There seem to be plenty of people interested in Top Cow’s Kickstarter campaign to bring Cyber Force back, as the company announced the Kickstarter campaign is 26-percent funded after the first 24 hours.

I am tired of hearing people talk about the demise of the comic book industry.  I love comics.  It’s been my whole career and I couldn’t do it without people like you.  Comics are awesome, diverse and there truly is a comic for every person regardless of gender, race, creed or politics.  You’ve all helped us spread comics to the masses.  We may be crazy but we really do believe that we can reach old fans and make new ones with this.  We can convert people to this crazy love for comic books that we all share.

– Matt Hawkins, President and COO  of Top Cow

There have been some interesting statistics that have come out recently regarding Kickstarter campaigns that I find rather interesting.  The first is that only 44% of all Kickstarter campaigns are successful.  Even if Top Cow is able to get over this big hurdle, it still faces one other interesting challenge in that projects seeking more than $50,000 only have an 18% success rate.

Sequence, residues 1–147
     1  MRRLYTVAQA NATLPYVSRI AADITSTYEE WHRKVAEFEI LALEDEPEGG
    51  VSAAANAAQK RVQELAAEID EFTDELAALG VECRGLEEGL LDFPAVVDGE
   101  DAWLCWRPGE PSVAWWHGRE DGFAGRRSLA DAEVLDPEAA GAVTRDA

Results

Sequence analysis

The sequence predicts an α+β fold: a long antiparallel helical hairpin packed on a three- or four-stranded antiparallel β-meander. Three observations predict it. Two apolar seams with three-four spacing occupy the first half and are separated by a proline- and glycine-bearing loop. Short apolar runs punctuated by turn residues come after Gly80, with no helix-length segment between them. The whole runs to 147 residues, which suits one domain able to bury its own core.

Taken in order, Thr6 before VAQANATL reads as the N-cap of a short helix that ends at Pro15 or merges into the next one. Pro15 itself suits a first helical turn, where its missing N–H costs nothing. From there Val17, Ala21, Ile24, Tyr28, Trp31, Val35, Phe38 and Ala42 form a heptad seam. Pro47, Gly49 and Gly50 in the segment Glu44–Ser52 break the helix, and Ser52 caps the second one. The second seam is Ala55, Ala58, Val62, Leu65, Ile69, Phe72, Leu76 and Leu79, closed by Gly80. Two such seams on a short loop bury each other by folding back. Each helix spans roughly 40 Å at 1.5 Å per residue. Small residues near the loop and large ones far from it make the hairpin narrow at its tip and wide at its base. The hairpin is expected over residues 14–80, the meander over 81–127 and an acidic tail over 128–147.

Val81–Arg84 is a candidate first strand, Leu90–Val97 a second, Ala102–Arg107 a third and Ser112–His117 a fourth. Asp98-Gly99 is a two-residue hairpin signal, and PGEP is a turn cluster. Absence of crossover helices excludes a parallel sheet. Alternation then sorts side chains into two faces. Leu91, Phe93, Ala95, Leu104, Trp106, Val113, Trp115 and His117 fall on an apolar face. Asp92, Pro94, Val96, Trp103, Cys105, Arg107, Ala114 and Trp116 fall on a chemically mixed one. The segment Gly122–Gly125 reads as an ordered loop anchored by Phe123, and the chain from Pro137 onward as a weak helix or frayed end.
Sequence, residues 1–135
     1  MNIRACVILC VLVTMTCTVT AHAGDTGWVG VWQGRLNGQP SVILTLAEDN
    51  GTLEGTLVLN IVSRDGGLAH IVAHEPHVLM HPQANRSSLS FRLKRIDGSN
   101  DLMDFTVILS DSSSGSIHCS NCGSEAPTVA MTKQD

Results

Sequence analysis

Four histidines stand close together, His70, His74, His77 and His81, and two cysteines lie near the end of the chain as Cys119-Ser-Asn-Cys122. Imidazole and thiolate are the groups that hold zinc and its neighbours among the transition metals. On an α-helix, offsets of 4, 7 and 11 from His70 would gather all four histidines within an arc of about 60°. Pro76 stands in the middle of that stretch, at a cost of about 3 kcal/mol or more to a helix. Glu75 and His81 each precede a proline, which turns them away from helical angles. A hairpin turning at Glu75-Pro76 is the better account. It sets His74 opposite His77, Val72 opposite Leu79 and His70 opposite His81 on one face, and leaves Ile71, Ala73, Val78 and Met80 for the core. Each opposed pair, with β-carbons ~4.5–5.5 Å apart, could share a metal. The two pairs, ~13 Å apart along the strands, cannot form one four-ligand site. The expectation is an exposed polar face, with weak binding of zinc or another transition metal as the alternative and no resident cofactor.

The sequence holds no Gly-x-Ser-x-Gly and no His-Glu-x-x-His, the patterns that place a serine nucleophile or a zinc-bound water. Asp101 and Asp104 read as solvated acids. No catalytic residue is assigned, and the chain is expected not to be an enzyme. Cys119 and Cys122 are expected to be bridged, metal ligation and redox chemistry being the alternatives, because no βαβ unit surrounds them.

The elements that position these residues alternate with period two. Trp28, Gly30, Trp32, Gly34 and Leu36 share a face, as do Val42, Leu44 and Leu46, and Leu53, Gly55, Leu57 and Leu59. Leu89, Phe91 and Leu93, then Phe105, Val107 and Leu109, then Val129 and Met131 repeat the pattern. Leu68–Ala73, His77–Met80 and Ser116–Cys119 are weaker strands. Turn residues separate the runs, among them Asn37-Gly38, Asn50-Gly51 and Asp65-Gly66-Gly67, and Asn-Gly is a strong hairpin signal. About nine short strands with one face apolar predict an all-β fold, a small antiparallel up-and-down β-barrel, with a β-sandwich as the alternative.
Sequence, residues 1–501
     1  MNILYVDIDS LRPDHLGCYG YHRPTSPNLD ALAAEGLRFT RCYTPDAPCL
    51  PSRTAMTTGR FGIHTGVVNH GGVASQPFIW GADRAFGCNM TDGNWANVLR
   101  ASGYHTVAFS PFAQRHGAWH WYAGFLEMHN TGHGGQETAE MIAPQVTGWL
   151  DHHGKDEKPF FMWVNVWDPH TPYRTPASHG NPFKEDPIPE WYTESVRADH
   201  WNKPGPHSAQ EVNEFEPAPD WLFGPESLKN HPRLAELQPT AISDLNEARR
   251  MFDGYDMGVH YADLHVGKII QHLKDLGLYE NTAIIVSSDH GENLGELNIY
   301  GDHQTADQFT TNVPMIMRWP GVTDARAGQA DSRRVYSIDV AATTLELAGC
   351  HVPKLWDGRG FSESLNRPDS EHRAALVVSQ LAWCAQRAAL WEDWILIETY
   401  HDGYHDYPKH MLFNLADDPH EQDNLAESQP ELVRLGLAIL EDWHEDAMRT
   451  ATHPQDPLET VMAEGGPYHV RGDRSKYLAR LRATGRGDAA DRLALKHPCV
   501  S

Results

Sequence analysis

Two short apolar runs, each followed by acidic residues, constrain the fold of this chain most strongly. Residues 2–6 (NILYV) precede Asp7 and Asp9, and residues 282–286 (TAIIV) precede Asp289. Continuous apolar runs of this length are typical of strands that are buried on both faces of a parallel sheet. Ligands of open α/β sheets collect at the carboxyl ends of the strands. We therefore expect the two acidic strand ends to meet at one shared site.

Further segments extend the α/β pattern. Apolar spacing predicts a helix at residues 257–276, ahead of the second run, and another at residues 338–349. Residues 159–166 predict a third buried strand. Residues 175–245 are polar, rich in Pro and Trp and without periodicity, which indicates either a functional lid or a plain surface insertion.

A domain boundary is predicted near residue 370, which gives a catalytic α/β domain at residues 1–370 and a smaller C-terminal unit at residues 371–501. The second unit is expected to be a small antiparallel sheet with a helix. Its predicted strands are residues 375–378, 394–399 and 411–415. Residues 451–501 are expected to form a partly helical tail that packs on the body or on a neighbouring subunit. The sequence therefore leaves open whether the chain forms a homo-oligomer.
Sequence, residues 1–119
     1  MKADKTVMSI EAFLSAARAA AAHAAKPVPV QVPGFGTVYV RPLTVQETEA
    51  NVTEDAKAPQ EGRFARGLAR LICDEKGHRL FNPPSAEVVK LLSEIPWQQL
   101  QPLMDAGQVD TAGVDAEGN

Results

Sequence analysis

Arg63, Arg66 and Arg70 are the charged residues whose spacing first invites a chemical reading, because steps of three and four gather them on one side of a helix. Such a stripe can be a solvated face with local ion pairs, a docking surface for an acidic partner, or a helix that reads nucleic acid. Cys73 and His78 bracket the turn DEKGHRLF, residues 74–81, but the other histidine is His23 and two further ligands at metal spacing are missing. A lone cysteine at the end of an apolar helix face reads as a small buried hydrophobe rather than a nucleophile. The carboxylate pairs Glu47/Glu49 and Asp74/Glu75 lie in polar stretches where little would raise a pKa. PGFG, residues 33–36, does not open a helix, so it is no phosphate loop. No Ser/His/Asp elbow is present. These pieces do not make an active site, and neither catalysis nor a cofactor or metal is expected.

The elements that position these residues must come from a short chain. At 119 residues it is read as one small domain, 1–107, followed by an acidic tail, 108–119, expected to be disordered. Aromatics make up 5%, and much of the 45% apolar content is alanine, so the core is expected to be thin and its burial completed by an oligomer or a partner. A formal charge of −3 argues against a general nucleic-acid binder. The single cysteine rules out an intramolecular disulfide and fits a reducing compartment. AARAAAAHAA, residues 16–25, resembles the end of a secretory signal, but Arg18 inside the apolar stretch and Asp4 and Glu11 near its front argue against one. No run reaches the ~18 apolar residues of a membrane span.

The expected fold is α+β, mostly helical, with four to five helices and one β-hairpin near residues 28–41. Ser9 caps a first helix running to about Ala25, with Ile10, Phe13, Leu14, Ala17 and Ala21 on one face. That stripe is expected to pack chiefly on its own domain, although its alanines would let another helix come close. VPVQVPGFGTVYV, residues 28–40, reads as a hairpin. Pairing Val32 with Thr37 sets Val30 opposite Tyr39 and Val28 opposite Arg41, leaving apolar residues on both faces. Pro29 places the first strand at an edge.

There are of course many advantages Top Cow has going for it, the biggest being that the company has a huge following, which increases the chances for a successful campaign by 80%. We also should keep in mind that Penny Arcade, which was looking for a mere $250,000 to remove ads from their site, have already amassed $338,187, and there are still 26 days to go in that campaign.

I still think crowd sourced funding is going to be the next wave for major publishers to reach their fans, and I hope the company is successful in bringing the book to the masses, regardless of what I think of the series.

via Top Cow

The Author

Stephen Schleicher

Stephen Schleicher

Stephen Schleicher began his career writing for the Digital Media Online community of sites, including Digital Producer and Creative Mac covering all aspects of the digital content creation industry. He then moved on to consumer technology, and began the Coolness Roundup podcast. A writing fool, Stephen has freelanced for Sci-Fi Channel's Technology Blog, and Gizmodo. Still longing for the good ol' days, Stephen launched Major Spoilers in July 2006, because he is a glutton for punishment.

You can follow him on Twitter @MajorSpoilers and tell him your darkest secrets...

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